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Who did it better: Westbrook or Robertson?

By: Chris Jeter

With one over the shoulder pass to Victor Oladipo, Oklahoma City Thunder point guard Russell Westbrook etched his name in history by doing something that only one all-time great ever before was able to do. Westbrook solidified himself as just the second man in NBA history to average a triple-double for the entire season, joining Oscar Robertson.

But why both seasons were remarkable in their own ways, the Westbrook feat brings up a new debate: who had the better season?

Going by both traditional and advanced number, both men had pretty similar seasons. In the 1961-62 season, Robertson averaged 30.8 points, 12.5 rebounds and 11.4 assists per game. This year, Westbrook is averaging 31.9 points, 10.7 boards, and 10.4 assists.

Of course, Robertson played in a very different NBA than Westbrook. During ‘The Big O’s’ time, the league had a more free flowing style compared to today’s game. Back in Robertson’s year, the averages shots per game for an NBA team were 107.7. This year, it’s down to just 85.4 shots per game. Additionally, teams in Robertson’s tripe-double season piled up a breakneck 126.2 possessions per game, competed to the 96.4 per game now. In short, Robertson had more opportunities to score and rack up dimes with the up and down tempo of the early 1960s.

The quicker pace reflected itself in the scoring leaderboard. Robertson could have ranked second in the league in scoring if you transplanted his numbers to today. Conversely, Westbrook would rank fifth in the league in the 1961-62 season. While Westbrook stands alone in the 30 points per game club this year, Robertson was one of five to reach that plateau.

Most impressively, Westbrook averaged his triple-double in nearly 10 fewer minutes per game than Robertson did. Now, Russ did shoot the ball slightly more than Robertson did (24.1 to 22.9), but that is more of a product of the Thunder and less of their point guard. Oladipo took the second most shots per game at 14.6. the only other player over 10 attempts a game is Enes Kanter.

Five of Robertson’s 1961-62 Cincinnati teammates took at least 11.8 shots per game. The rapid pace of play in the early 1960s led into the smorgasbord of shots for the Royals, just as the mediocrity of the Oklahoma City roster leads to more shots for Westbrook (not that he was ever gun shy before).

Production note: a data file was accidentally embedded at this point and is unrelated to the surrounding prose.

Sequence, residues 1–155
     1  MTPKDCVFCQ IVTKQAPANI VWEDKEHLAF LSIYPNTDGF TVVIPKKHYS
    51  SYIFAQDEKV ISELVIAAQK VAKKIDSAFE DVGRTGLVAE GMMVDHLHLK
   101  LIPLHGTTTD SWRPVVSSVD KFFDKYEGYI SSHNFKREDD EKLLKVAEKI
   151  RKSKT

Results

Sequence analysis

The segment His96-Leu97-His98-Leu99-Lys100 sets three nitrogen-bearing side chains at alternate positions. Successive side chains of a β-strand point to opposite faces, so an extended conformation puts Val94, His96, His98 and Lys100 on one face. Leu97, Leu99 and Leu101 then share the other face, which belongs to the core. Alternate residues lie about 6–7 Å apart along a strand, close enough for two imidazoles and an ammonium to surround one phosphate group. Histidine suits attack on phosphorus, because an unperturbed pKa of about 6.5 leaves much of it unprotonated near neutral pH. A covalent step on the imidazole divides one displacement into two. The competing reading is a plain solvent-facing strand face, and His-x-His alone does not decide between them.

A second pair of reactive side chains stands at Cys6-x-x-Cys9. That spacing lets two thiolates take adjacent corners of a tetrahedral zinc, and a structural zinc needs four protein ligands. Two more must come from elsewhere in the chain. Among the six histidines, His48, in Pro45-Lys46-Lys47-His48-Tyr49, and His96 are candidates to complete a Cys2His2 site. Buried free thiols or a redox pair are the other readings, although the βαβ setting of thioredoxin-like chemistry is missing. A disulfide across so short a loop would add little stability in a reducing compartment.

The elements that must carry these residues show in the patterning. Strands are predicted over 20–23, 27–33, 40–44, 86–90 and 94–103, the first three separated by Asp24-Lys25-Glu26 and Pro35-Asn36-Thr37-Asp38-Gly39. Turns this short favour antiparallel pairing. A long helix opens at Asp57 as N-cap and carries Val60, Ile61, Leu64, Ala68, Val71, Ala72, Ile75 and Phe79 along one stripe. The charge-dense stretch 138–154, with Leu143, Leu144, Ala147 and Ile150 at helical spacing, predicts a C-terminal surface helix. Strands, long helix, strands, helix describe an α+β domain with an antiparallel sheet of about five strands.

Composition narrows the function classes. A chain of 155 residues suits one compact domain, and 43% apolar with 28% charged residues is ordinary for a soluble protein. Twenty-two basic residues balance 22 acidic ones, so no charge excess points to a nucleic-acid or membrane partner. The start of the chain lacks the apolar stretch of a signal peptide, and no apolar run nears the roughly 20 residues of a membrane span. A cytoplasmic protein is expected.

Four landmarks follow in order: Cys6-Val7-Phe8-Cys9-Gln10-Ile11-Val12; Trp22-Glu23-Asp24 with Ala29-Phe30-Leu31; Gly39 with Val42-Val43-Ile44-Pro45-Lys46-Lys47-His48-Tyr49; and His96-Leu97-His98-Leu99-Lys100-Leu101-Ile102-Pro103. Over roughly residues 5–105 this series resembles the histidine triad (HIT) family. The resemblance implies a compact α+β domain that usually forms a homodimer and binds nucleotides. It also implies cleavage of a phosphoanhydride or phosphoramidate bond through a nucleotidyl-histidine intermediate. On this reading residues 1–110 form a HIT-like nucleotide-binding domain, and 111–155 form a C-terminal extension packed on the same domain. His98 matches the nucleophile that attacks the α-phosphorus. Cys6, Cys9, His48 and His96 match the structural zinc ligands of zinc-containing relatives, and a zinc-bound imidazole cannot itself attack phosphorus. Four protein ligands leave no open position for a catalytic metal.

Advanced number make the argument a bit murkier. Westbrook has a higher player efficiency rating (30.8 to 26) while Robertson has more win shared (15.6 to 13.2), although Westbrook has more win shares per 48 minutes (.228 to .214).

The numbers are so close that it probably comes down to personal choice. Robertson does get some points for scoring efficiently during an inefficient era (he shot 48-percent, the league averaged was 43-percent) compared to Westbrook shooting below the mean (43-percent, league average is 46-percent). Robertson might have had more chances for shots, boards, and assists, but everyone in those days didn’t average a triple double either. No player in today’s game has held the ball in his hands as much as Westbrook has this year as his 41.8 usage percentage is the highest single-season mark in league history. The team’s tepid-at-best roster required his insane numbers.

Fans and analyst can pick any stat they want to argue in favor of either Robertson or Westbrook. All fans and analyst can agree that both men produced incredible seasons that stand out above the rest. That said, Westbrook could attain one piece of hardware that puts him over the top: the NBA MVP trophy.

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Chris Jeter

Staff Writer
Chris has always had a love for sports. He inherited his affinity for them from his New York Yankees-loving dad and grandad, even if they gave his beloved Orioles a hard time during their 14 years of futility. Chis grew up an Orioles, Ravens, Maryland Terrapins and Chicago Bulls fan. His love for the local teams can from his mother. His love for the Bulls came from Michael Jordan and his favorite color being red. As a youth, Chris played basketball, baseball, and soccer with varying degrees of success. He always wanted to play for a team in one of those sports when he grew up, but once he quickly realized that, that was probably not going to happen, Chris wanted to be a part of sports in some other way. Eventually, Chris settled on becoming a sports writer. A year after transferring to the University of Maryland, Baltimore County, where he took Media & Communications Studies with a Journalism Minor, he began writing for The Retriever, initially as a contributing writer and eventually as a staff writer for sports. After several months writing for The Retriever, he began writing for So Much Sports, covering various college sports and as a columnist, writing about a variety of national sports topics.

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